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The shouted questions, emotional pleas and raucous protesters of the evening crystalized the GOP’s tough political road ahead as it forges ahead with “You don’t want to hurt one group of people to help the another . GOP health care plan draws criticism at Seattle congresswoman’s town hall meeting.

The western Kansas Republican faced a sometimes raucous crowd of more than 500 people at the Hyatt Place in Lenexa on his way to the airport to fly back to the capital Monday morning. The full first half of the town hall focused on health care .

In the first spots, paid for by the American Action Network, a laid-off steelworker worries that without “lower taxes for working families,” more jobs will be “lost to China.” At rallies and forums in several states, Americans for Prosperity has pitched tax reform as a way to “unrig the economy.” And in a polling memo made public this week, the AAN found 65 to 73 percent of voters responding favorably to reform if it was pitched as a way to “restore the earning power” of the middle class and “save billions of dollars per in year on tax preparation services.”

But at town-hall meetings since the start of the recess, tax reform has hardly come up; health care has dominated. At a Monday town hall in Flat Rock, N.C., Rep. Mark Meadows (R-N.C.) pitched a plan to devolve ACA programs to the states, then found himself fending off constituents who backed universal Medicare.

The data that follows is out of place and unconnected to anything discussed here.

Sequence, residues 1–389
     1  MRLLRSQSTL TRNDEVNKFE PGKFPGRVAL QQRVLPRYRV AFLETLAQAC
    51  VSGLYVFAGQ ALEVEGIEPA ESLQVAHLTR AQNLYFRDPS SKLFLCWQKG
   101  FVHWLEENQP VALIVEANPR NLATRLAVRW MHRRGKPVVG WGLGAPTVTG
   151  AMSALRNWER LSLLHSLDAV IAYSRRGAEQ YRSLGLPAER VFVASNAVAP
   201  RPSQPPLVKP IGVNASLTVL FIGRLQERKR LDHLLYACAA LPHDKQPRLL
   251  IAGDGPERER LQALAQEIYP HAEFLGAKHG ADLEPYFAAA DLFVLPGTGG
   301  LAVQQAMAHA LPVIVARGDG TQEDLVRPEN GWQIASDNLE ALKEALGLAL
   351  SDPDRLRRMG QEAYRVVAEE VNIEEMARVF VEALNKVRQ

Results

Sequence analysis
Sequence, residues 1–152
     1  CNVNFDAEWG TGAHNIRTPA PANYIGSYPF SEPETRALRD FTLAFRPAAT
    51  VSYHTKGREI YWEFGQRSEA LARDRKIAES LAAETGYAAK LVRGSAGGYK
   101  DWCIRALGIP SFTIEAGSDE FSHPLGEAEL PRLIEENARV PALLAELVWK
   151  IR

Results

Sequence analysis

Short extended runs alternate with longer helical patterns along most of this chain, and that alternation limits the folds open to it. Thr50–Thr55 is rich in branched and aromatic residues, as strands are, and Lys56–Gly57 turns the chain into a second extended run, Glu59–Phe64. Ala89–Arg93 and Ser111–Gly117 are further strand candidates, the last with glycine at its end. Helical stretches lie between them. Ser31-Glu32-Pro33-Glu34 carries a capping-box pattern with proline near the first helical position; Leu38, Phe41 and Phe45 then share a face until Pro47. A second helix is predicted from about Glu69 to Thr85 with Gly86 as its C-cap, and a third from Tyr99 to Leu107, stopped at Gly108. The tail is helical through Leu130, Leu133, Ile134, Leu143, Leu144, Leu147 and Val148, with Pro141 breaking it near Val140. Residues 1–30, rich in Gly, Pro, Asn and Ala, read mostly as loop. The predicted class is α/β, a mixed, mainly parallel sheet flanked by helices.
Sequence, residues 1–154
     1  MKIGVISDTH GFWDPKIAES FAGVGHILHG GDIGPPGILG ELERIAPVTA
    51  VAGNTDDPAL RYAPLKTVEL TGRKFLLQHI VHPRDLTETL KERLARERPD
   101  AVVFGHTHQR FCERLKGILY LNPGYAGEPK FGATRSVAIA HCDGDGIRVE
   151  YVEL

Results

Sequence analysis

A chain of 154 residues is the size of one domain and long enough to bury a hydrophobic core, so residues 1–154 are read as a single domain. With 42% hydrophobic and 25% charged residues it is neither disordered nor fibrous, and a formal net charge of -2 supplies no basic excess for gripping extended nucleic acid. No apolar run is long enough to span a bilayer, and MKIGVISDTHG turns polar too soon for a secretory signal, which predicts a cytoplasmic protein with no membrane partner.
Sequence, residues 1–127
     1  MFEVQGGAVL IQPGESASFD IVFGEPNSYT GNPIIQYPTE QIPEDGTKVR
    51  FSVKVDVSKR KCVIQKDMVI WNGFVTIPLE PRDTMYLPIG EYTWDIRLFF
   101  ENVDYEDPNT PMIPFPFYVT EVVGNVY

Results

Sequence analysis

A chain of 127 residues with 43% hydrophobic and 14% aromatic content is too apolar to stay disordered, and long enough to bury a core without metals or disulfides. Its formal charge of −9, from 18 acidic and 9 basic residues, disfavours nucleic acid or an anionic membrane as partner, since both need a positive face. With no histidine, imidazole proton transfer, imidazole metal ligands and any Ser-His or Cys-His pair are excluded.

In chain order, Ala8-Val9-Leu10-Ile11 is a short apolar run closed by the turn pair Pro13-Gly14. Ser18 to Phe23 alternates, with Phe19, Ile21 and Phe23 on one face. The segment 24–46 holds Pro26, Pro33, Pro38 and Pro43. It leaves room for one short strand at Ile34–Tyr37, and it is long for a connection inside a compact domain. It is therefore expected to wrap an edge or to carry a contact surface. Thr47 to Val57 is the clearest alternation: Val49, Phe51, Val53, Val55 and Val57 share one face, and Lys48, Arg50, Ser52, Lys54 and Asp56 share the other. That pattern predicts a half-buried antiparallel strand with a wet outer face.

“You can take the top one percent and tax them fully, and it still won’t pay for Medicare,” said Meadows.

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At a town hall in Chico, Calif., in the most Democratic portion of a deep red district, Rep. Doug LaMalfa (R-Calif.) found himself fending off furious complaints about the repeal vote, with constituents accusing him of acting to bring about their death.

“I hope you suffer the same painful fate as those millions that you have voted to remove health care from,” one constituent told LaMalfa. “May you die in pain.”

Carter’s town halls did not reach that boiling point, but they revealed what the tone of congressional listening sessions has become — angry, wistful and loaded with progressive activists.

The 1st congressional District, stretching from Savannah to the Florida border, has been held by his party since 1993. In 2016, the Trump-Pence ticket carried the district by 15.5 points, while Democrats could not find a candidate to run against Carter.

But on Tuesday, the constituents who signed up for the meetings on Eventbrite and walked past local police officers to take their seats seemed to skew left. Two groups founded after the 2016 election, Speak Up Now and Savannah Taking Action for Resistance, had members at town halls in Darien and Brunswick.